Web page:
Differences between persons with and without disability in HIV prevalence, testing, treatment, and care cascade in Tanzania: a cross-sectional study using population-based data
BMC Public Health volume 23, Article number: 2096 (2023)
Persons with disability may have a higher HIV prevalence and be less likely than persons without disability to know their HIV-positive status, access antiretroviral therapy (ART), and suppress their HIV viral load (HIV care cascade). However, studies examining differences between persons with and without disability in HIV prevalence and the HIV care cascade are lacking. Using the Tanzania HIV Impact Survey (THIS) data collected between October 2016 and August 2017, we assessed differences in HIV prevalence and progress towards achieving the 2020 HIV care cascade target between persons with and without disability.
Using the Washington Group Short Set (WG-SS) Questions on Disability, we defined disability as having a functional difficulty in any of the six life domains (seeing, hearing, walking/climbing, remembering/ concentrating, self-care, and communicating). We classified respondents as disabled if they responded having either “Some Difficulty”, “A lot of difficulties” or “Unable to” in any of the WG-SS Questions. We presented the sample characteristics by disability status and analyzed the achievement of the cascade target by disability status, and sex. We used multivariable logistic regressions, and adjusted for age, sex, rural-urban residence, education, and wealth quintile.
A total of 31,579 respondents aged 15 years and older had HIV test results. Of these 1,831 tested HIV-positive, corresponding to an estimated HIV prevalence of 4.9% (CI: 4.5 — 5.2%) among the adult population in Tanzania. The median age of respondents who tested HIV-positive was 32 years (with IQR of 21—45 years). HIV prevalence was higher (5.7%, 95% CI: 5.3—7.4%) among persons with disability than persons without disability (4.3%, 95% CI: 4.0 — 4.6%). Before adjustment, compared to women without disability, more women with disability were aware of their HIV-positive status (n = 101, 79.0%, 95% CI: 68.0—87.0% versus n = 703, 63.0%, 95% CI: 59.1—66.7%) and accessed ART more frequently (n = 98, 98.7%, 95% CI: 95.3—99.7% versus n = 661, 94.7%, 95% CI: 92.6—96.3%). After adjusting for socio-demographic characteristics, the odds of having HIV and of accessing ART did not differ between persons with and without disability. However, PLHIV with disability had higher odds of being aware of their HIV-positive status (aOR 1.69, 95% 1.05—2.71) than PLHIV without disability. Men living with HIV and with disability had lower odds (aOR = 0.23, 95% CI: 0.06—0.86) to suppress HIV viral loads than their counterparts without disability.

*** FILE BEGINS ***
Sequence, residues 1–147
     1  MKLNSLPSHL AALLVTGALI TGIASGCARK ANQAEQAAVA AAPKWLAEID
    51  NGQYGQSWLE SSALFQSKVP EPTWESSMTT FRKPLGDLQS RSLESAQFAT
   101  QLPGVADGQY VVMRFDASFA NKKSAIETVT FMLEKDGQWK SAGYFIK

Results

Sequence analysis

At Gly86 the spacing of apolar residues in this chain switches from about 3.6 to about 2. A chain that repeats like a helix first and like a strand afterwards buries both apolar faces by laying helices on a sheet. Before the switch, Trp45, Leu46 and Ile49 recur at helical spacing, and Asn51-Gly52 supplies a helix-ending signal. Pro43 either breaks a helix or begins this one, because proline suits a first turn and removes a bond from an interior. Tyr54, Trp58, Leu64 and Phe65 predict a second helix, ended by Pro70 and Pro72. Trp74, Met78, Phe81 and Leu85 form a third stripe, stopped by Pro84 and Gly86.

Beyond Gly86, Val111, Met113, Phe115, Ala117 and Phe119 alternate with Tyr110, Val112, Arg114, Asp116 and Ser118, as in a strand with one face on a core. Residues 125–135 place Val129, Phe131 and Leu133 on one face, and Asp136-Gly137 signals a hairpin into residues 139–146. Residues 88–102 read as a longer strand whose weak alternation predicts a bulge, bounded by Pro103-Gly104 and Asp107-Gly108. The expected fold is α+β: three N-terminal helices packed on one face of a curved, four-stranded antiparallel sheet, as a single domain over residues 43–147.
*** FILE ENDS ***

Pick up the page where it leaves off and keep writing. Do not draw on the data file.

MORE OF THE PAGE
We found no significant differences in the odds of having HIV and of accessing ART between persons with and without disability in Tanzania. While PLHIV and disability, were often aware of their HIV-positive status than their non-disabled counterparts, men living with HIV and with disability may have been disadvantaged in having suppressed HIV viral loads. These differences are correctable with disability-inclusive HIV programming. HIV surveys around the world should include questions on disability to measure potential differences in HIV prevalence and in attaining the 2025 HIV care cascade target between persons with and without disability.
Persons with disability are disadvantaged in several domains of life [1,2,3,4,5,6]. Globally, regardless of measurement methods used, persons with disability have lower educational attainment, employment, food security, and wealth. They also suffer higher exposure to economic shocks, health expenditures and multidimensional poverty than persons without disability [1,2,3]. They comprise 15% of the global population, equivalent to one billion people . Most persons with disability live in lower- and middle-income countries, where they face multiple constraints . The Convention on the Rights of Persons with Disabilities (CRPD) provides a set of legally binding commitments to promote and protect the full and equal enjoyment of human rights and freedoms for persons with disability . The CRPD defines persons with disability to include persons with long-term physical, mental, intellectual, or sensory impairments, which when interacting with various barriers may hinder their full and effective participation in society on an equal basis with others . This article uses the term “disability” rather than “disabilities” to reflect disability as a universal experience and not an intrinsic characteristic of the person. Unfortunately persons with disability are neglected in accessing life-saving HIV services [4,5,6] despite the governments, globally, making significant progress in achieving the UNAIDS 90—90—90 target by 2020 with the ultimate aim to end the AIDS epidemic by 2030 . The 90—90—90 target sought to ensure that by 2020, 90% of people living with HIV (PLHIV) would know their HIV-positive status, 90% of those knowing their status would have accessed anti-retroviral therapy (ART), and 90% of PLHIV accessing ART would have suppressed their HIV viral loads protecting their health and limiting the spread of HIV . The remarkable progress made in achieving the 90—90—90 target encouraged United Nations (UN) member states and other stakeholders to increase their ambition, approving the 95—95—95 target, seeking to meet it by 2025 across all PLHIV, within all demographic groups, and geographic settings .